Surprising results from Travelers show the insurance industry can do well despite the financial sector's woes. But can success last?
Of all the places to find enthusiastic optimism now, the insurance industry is one of the most unlikely.
But Oct. 22 results from Travelers Companies (TRV) left executives and investors sounding surprisingly joyful. For last quarter, Travelers reported earnings of $1.61 per share, topping Wall Street's expectation of $1.30 and results of 55¢ per share a year ago.
Adding to investor excitement, Travelers boosted its dividend by 10% to 33¢ per share. That stands out in a sector in which companies have been slashing dividend payouts for more than a year. Travelers shares jumped 7.7% to 51.70, a 52-week high, on Oct. 22.
"We feel very good about what we've been able to accomplish in the extended period of financial turmoil and marketplace disruption," Travelers Chairman and Chief Executive Jay Fishman told analysts. "And we believe that our results over this period of time have been quite impressive."
Since the start of 2009, according to Standard & Poor's data, financial firms in the S&P 500-stock index have adjusted their dividends 49 times, and only 10 have been increases, most quite modest. Among financial companies, Travelers' dividend hike ties for the largest so far this year.
Despite the crisis and recession, the U.S.'s fourth-largest property casualty insurer has rewarded shareholders in additional ways. Last quarter, Travelers bought back $1 billion of its own stock, and it plans to buy another $1.5 billion this quarter. Since mid-2006, Travelers has bought 27% of its market capitalization through share buybacks. It shows no signs of slowing down. The board authorized another $6 billion in share repurchases, Travelers said Oct. 22.
The company can be so generous to shareholders because its conservative investment portfolio has navigated rough market conditions better than many rivals. "Our investment portfolio continues to be very high-quality and well-diversified across industries, investment types, and individual issuers," Jay Benet, Travelers' chief financial officer, said Oct. 22. The market rally of the past seven months boosted returns on key parts of the portfolio, especially hedge fund and private equity funds, the company said.
Travelers' financial strength has given it an advantage with customers willing to pay extra for security, according to Morningstar (MORN) analyst Drew Woodbury. "Travelers has put itself in a position of relative strength after outperforming in 2008, giving it opportunities to steal profitable business," Woodbury noted Oct. 22.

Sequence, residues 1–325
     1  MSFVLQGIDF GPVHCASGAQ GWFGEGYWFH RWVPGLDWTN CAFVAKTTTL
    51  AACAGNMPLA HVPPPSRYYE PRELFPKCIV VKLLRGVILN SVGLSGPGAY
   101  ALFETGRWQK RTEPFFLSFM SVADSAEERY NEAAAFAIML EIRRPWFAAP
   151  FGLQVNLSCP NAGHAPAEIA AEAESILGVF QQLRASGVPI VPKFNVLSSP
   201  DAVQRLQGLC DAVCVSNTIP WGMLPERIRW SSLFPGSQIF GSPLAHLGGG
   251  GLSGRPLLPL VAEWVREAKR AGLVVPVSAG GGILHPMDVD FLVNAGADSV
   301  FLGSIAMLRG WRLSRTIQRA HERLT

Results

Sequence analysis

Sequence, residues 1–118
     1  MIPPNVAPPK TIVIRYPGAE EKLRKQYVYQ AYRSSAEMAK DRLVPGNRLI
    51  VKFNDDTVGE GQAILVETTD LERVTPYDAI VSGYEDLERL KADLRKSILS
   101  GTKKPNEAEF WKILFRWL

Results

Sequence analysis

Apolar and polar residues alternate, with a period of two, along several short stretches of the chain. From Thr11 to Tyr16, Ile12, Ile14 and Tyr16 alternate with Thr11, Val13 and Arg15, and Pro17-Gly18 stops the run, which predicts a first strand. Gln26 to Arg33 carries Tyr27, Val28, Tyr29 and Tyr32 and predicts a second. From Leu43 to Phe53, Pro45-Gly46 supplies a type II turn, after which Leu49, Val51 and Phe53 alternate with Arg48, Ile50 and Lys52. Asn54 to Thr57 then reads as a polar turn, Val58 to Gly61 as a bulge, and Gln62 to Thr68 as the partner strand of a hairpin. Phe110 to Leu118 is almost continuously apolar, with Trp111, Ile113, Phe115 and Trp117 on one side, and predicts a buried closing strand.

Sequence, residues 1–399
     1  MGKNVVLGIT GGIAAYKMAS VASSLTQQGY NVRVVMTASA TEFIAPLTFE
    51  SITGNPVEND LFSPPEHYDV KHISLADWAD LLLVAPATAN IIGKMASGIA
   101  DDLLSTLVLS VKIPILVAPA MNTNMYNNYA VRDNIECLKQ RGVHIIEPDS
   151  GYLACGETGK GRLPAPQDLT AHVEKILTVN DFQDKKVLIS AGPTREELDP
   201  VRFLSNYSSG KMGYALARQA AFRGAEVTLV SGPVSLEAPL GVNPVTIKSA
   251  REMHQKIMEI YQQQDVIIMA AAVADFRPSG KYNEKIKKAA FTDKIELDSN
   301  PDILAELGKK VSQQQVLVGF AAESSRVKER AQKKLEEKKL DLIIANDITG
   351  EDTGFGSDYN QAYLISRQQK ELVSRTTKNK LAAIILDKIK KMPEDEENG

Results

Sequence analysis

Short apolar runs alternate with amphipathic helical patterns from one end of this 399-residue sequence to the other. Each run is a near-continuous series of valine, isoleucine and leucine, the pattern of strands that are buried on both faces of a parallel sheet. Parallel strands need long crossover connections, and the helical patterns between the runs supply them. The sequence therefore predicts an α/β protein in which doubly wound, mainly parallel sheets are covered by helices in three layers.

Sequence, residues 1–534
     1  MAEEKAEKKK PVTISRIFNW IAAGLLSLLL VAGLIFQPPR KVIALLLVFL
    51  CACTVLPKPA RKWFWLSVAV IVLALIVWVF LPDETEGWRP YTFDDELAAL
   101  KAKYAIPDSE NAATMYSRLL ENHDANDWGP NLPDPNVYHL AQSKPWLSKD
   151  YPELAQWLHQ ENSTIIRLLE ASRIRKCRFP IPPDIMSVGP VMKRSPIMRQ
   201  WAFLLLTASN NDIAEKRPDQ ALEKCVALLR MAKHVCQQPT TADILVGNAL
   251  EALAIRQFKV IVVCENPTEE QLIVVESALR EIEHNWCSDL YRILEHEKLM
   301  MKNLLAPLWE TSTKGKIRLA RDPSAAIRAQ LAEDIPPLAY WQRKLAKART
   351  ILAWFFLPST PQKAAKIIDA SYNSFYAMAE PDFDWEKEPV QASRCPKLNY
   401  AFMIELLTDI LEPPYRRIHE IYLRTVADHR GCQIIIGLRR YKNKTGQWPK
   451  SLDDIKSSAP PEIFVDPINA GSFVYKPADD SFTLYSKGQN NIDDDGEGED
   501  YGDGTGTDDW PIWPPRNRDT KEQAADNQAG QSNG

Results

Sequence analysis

Positioned for Recovery
That's not to say Travelers isn't feeling the effects of the recession. Premiums fell 2.6% in the past year, as cash-strapped customers cut their insurance coverage.
However, other aspects of the insurance business are holding up well, according to FBR Capital Markets (FBR) analyst Bijan Moazami, and an improved economy could lift premiums again. "The decrease in premiums is primarily driven by the economic slowdown, which could reverse," Moazami wrote Oct. 22.
Travelers executives insist the company is very well-positioned. By gaining market share during the recession, it will be able to boost profits even more when the economy improves. "Our competitive advantages matter," Travelers President Brian MacLean told analysts. "And fundamentally that is what's driving our strong results and bullish attitude."
Earnings reports from other insurers over the next few weeks will show how much of a competitive advantage Travelers really has built up this year. Hartford Financial Services (HIG) is expected to unveil results on Nov. 3, followed by Allstate (ALL) on Nov. 4.
Even if their reports are weak by comparison, some analysts believe Travelers might find it difficult to continue wowing investors. First, the advantage of Travelers' financial strength might be diminishing as the financial markets show more stability. "We believe the benefits from a flight-to-quality is tapering off," Credit Suisse (CS) analyst Vinay Misquith noted Oct. 22. FBR's Moazami believes Travelers' investment portfolio may remain stagnant. "With the bond market rally, investment yield likely will remain low for a while," he wrote.
What's more, premiums might not rebound quickly, and all insurers could continue to suffer from a struggling economy. Wells Fargo (WFC) analyst John Hall warned "premium growth will remain constrained by a weak economy." FBR's Moazami agrees, saying "the slow pace of economic activity" should take a toll on premiums and other business metrics. "The long-term outlook is not as rosy," he said.
If other insurance firms can also report impressive earnings, that will add to Travelers' long-term worries, warned Keefe, Bruyette & Woods (KBW) analyst Cliff Gallant. "Our concern for the group [of national property and casualty insurers] remains that good results now will lead to increased competition in 2010 and weak results thereafter," he wrote Oct. 22.
Travelers, with its branded red umbrellas, may have the advantage for now in the fiercely competitive insurance industry, but it might be moving into some strong headwinds.